This morning after a baked sausage casserole (good but no Texas Breakfast) DD packed up her belongings and drove away. *sigh* Durwood and I will miss having her around. She did the dishes. Now it's back to being our job. (funny how you can get used to something so fast) She got to spend plenty of time snuggling LC, was offered the post of "Fun Aunt", and accepted without hesitation. It was lovely to have DD here, to have her to drag to places where I can show her off to the people I brag about her to, to show off my knitting and see what she's making, and have her sitting at the table with me and Durwood after supper working on her embroidery while I knit and he does a crossword puzzle. It kind of sounds boring when I write it out like that but it wasn't boring at all.
She and I made chocolate pudding yesterday. We tucked a little graham cracker crust on the bottom of the dish and sprinkled a bit on top, with a few pomegranate morsels too. Yum. An excellent collaboration.
I am determined to sit on my can today, not to zoom around town or the house like a crazed weasel, maybe even take a snooze. Okay, I might toss some laundry around because both of my favorite pairs of jeans are dirty, but that's it. Oh, while I'm down there doing laundry I'll wind up the hank of yarn I want to use for my BLKG Design-A-Thon design so I can swatch today. See? Couch knitting, that's relaxing, right? No to-do list. No list of errands. I want to finish listening to an audiobook I'm this close to the end of and sit staring at the computer screen playing a game.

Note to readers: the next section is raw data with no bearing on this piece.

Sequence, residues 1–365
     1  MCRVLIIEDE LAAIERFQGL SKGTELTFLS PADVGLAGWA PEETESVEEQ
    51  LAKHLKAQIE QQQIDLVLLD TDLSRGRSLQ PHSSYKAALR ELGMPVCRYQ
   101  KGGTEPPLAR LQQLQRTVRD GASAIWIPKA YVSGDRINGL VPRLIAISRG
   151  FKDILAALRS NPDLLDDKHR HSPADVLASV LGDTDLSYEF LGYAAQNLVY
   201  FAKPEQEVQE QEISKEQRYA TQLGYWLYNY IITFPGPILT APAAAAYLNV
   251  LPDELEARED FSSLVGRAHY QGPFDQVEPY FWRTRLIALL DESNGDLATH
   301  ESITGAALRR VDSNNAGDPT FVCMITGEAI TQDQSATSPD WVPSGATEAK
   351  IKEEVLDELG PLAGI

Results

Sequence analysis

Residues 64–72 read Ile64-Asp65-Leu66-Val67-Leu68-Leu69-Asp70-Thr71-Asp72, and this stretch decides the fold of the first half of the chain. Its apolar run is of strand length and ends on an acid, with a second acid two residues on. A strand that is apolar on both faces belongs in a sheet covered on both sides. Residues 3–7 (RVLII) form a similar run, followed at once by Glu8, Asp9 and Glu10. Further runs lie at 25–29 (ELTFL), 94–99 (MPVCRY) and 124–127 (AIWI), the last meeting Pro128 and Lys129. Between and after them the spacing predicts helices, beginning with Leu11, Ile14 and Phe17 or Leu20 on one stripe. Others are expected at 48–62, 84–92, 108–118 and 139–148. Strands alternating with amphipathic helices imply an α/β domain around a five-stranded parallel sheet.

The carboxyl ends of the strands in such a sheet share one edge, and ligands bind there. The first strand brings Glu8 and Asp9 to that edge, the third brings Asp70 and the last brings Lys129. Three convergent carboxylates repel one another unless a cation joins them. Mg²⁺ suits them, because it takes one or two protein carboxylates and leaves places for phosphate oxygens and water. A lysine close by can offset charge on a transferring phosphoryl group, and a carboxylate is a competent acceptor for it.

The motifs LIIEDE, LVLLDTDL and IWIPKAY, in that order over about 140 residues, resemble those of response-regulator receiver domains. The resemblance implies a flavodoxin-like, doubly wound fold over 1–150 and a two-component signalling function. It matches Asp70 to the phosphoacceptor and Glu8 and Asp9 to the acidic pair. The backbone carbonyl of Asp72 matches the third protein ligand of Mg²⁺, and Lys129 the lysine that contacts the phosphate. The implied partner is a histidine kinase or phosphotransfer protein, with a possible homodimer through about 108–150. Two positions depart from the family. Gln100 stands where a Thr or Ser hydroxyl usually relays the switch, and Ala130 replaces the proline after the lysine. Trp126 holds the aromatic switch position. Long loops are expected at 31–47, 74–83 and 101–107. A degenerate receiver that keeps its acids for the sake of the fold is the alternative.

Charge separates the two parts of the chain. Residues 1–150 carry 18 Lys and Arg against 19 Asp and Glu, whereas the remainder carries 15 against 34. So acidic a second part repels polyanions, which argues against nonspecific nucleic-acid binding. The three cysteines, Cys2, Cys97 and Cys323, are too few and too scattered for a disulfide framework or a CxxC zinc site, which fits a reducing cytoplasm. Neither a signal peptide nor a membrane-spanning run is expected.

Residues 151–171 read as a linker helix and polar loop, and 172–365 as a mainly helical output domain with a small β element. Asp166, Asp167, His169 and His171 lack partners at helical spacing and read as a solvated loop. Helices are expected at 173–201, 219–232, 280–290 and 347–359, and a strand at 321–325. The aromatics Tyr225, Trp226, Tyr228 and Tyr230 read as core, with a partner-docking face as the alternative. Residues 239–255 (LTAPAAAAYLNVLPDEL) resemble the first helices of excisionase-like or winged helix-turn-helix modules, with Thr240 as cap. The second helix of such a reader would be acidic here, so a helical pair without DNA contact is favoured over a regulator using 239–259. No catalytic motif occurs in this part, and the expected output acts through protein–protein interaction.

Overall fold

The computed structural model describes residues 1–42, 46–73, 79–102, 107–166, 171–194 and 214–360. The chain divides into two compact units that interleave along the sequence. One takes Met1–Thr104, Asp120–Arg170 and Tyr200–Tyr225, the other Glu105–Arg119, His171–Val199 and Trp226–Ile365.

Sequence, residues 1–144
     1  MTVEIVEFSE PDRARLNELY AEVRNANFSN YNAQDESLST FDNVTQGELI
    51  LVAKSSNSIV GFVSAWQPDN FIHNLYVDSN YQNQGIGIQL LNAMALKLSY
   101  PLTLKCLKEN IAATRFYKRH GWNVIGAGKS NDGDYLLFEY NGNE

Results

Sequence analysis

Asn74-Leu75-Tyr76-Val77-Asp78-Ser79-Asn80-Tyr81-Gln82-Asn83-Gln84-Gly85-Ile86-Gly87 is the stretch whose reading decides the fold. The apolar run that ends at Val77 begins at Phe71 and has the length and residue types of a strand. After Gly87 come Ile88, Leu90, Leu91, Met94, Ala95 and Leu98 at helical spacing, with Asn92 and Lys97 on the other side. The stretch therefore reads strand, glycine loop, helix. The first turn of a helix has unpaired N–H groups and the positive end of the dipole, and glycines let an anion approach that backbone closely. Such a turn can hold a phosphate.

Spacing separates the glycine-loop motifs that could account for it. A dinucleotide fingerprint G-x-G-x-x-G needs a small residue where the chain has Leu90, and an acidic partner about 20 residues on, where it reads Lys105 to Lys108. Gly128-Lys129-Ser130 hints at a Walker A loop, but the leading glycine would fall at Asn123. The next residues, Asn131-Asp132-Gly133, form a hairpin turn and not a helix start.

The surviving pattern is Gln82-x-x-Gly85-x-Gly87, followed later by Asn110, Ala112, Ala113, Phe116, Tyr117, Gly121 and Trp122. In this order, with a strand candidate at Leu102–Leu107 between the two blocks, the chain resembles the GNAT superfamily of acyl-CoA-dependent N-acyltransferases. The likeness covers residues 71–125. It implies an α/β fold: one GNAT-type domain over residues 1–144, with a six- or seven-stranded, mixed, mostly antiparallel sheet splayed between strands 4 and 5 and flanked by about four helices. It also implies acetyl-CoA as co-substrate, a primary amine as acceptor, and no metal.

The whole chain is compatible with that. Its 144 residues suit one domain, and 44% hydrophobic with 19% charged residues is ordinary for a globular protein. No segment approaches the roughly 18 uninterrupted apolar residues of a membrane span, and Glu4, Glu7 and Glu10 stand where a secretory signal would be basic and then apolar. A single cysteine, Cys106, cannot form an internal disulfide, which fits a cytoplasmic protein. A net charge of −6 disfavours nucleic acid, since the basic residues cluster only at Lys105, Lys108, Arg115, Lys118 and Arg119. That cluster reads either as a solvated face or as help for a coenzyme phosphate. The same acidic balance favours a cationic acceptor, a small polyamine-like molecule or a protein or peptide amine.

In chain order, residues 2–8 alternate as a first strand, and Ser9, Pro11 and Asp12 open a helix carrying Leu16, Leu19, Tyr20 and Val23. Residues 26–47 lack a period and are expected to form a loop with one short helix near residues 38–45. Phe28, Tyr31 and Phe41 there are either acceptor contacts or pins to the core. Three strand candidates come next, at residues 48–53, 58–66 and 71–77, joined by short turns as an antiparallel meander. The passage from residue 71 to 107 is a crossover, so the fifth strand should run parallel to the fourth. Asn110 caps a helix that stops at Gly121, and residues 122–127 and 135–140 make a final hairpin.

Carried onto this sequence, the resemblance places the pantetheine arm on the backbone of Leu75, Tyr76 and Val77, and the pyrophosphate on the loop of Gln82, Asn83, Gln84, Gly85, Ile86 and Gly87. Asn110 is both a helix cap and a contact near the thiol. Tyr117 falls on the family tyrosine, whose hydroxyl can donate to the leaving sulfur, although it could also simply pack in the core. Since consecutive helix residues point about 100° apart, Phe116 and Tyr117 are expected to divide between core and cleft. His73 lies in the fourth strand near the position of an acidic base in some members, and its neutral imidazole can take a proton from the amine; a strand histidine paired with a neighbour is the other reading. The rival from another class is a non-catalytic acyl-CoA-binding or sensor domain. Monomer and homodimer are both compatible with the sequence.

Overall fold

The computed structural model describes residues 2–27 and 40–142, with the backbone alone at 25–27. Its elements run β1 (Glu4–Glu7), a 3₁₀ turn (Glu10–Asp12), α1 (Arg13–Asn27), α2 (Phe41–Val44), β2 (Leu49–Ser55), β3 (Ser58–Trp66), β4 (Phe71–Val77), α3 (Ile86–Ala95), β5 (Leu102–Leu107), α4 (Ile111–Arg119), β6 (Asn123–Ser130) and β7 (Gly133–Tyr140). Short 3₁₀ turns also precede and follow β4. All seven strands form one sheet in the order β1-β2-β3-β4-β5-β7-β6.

March 16--Charles Sheeler, Water. Shel saw them in the distance, the white rectangular boxes crouched on the horizon growing slowly as he walked. The sky was a solid sheet of clouds so there was no glimmer from a pane of glass, just the dull grayish white of the boxes. He thought they might be storage buildings because there were no windows he could see but it took far longer than he thought it would to get close enough to see all of them down to the ground. No one seemed to be around although there was a parking lot filled with rows of identical cars the same grayish white as the buildings. Shel stumbled a bit as the ground rose in a berm that ringed the complex. On the other side of the berm a twelve-foot fence kept him from getting closer. He heard the hum of electricity inches before touching the wire. Glancing to the left he saw the still body of a rabbit that had touched the fence.
Time to get busy relaxing. Have a Sunday.